(Part 3 of 4) You’ve gotten yourself in over your head and you have decided that you are about to do a PBL unit with your class. Well, how long does it need to be? How do you start it going, how do you complete it, and how do you give it pushes to keep it going if momentum is lost in the middle?
Since this is your first PBL unit, you need to be successful. And what I mean by that is that you need to succeed AND your students need to succeed. So, I recommend a maximum of 2 weeks for this first project.
A plan for each day of the 1 or 2 weeks will help you and your students focus on what needs to happen at each stage of the process. The first day will need to have an Entry Event, the last day you will need to have some sort of presentation and you know that there will be times in the middle where you will have to have direct instruction (what we call “workshops”). Depending on the number and complexity of the standards you are encompassing you may need to plan on 2 or 3 days of direct instruction during this two weeks. So, we start with 10 days. We subtract 1 day for the first and last day and let’s say 3 days for instruction that leaves about 5 days as “work days” for the students.
Work days are NOT sit at your desk and play with social media or pull out a deck of cards and play solitaire. Work days need to have a set product for the end of the day. This product might be a blog post, it might be a quiz, or it might be a written list of research that was conducted. Most students will need guidance and input from you. Most groups don’t automatically have great discussions amongst themselves about the learning process. They DO have great discussions about a recent sporting event or the latest music. So plan on walking around the room listening and inserting yourself in their conversations – when needed. Don’t automatically tell them what they should be doing. Instead answer their questions with guiding questions like “have you thought about ___” or “I wonder if you could _____ . “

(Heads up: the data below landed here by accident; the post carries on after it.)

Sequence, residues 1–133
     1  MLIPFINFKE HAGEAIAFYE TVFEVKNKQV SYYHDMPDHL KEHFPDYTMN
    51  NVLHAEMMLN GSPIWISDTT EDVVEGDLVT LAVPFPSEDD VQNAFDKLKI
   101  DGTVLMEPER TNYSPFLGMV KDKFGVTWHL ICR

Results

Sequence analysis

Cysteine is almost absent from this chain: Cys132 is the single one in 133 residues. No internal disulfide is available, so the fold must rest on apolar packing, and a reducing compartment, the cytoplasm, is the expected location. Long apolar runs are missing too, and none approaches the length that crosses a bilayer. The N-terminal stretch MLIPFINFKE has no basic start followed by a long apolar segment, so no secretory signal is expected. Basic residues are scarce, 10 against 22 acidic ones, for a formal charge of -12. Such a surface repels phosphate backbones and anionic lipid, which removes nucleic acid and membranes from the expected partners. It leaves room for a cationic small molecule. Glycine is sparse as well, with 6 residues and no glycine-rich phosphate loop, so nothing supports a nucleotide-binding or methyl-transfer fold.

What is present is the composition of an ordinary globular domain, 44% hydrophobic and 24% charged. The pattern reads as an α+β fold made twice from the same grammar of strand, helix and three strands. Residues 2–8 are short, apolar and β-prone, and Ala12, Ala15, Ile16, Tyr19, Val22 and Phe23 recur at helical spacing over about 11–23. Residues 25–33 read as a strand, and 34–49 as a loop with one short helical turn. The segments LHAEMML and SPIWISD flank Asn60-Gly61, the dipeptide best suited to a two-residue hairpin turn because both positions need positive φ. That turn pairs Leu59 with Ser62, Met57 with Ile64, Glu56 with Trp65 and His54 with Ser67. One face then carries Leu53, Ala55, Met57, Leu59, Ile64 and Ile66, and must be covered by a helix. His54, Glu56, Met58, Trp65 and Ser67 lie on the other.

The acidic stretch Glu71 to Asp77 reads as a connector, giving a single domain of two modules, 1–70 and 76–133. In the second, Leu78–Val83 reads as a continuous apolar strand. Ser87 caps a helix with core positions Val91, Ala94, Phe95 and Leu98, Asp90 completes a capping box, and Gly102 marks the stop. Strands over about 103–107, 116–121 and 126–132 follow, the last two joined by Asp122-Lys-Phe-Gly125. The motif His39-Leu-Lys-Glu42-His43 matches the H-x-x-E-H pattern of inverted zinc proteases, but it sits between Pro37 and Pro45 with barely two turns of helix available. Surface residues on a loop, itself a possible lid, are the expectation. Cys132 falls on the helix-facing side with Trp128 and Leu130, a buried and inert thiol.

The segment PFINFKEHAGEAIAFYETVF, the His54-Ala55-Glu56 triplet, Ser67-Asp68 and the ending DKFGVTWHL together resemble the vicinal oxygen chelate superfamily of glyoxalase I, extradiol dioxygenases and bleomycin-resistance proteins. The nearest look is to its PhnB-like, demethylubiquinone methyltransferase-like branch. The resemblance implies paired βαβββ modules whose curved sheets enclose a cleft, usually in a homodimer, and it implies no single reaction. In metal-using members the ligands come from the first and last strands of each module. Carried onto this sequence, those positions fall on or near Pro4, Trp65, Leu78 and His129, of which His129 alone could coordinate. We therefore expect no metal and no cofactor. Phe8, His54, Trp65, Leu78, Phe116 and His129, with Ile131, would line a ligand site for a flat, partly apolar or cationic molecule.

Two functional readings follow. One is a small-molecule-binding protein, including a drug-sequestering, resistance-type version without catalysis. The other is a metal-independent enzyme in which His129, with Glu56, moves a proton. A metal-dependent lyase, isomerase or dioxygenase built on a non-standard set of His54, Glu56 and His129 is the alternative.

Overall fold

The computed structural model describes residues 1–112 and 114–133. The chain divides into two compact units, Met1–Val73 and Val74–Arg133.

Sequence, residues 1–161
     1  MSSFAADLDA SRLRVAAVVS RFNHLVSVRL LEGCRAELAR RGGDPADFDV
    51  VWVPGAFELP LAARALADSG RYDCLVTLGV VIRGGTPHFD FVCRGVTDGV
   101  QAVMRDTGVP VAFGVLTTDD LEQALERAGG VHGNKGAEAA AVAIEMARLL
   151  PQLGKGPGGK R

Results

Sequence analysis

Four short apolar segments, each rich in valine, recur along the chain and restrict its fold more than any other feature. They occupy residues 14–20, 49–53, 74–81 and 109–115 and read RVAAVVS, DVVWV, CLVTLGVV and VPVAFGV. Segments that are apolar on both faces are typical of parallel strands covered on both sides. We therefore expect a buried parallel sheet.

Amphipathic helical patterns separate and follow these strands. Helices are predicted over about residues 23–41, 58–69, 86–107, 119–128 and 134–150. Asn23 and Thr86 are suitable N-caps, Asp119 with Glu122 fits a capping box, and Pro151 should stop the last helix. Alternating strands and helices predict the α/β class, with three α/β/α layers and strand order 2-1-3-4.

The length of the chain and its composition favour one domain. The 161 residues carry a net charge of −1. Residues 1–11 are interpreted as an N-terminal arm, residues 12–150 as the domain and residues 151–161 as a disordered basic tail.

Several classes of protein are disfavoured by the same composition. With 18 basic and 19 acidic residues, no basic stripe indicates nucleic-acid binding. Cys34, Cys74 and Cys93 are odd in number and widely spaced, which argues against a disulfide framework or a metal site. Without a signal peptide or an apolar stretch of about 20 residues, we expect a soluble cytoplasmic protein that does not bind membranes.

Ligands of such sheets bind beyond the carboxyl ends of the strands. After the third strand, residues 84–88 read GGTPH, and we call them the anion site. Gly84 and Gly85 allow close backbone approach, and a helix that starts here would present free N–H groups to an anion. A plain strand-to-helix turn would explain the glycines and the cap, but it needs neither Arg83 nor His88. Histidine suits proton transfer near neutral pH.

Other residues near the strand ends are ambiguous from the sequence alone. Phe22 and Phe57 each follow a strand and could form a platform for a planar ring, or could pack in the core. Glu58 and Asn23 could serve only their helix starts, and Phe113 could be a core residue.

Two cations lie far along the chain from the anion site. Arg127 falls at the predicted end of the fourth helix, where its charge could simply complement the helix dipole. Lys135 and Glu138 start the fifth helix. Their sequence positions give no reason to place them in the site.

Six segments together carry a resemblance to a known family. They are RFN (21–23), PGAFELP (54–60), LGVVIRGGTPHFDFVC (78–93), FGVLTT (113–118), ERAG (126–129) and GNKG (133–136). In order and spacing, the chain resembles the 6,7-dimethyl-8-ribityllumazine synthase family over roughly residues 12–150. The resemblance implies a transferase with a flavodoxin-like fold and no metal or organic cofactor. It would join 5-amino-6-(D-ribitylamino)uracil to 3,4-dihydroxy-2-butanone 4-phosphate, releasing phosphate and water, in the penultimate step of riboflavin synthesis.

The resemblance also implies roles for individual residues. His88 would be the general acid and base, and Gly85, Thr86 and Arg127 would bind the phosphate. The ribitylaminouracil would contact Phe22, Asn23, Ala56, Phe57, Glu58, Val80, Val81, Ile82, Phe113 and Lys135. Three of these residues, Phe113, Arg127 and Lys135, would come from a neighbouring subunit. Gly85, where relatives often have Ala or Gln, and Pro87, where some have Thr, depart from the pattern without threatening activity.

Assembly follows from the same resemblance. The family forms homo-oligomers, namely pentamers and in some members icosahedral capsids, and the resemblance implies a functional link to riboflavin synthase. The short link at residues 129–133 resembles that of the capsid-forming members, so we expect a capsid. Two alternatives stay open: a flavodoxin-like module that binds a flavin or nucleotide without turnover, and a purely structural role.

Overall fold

This gets to the point that over half of the time spent in a project will, normally, be in group work. Group dynamics must be taught. This is especially true for the first couple of projects of the year. The students need to know what you expect from them. They need to know what roles they will fulfill and what requirements there are for each of these roles. So here are some ways to assign groups that I have used over the years: (a) Just a random selection, (b) Rank them academically and put first with last in a bottom-top rotation, (c) Pick group leaders and have them leave the classroom and select their groups while you work with the rest of the class, (d) Use the academic rankings to put the bottom 3 or 4 together – someone will have to rise to the top of that group.
There are many more ways to group. Just try different things and change them after each project. Your best groups, with the least problems, will want to be together for the rest of the year. Force them to work with everyone in the class so that they can see the strengths and weaknesses of every student. Some guiding thoughts can be found on Jerry Blumengarten (cybraryman)’s site under cooperative learning and collaboration as well as on the BIE site and Edutopia.
You have your plan and you have your group assignments. Now you need a “hook” to get your students thinking about what they will be doing for the next two weeks. We refer to this as an Entry Event (EE) or Entry Document. EE’s can come in the form of a written document, a video, a live demonstration or skit, or a “call-in” from an expert via Skype or the phone. All of the reference sites I’ve already mentioned can give you suggestions but here is the archive from one of the twitter PBL Chat’s we had on Entry Events.
In my last of this 4-part series I’ll cover odds and ends that need to be thought about during any project. By now you are ready to do this and I look forward to hearing from you about how that first project went. You can do it! See you in Part 4.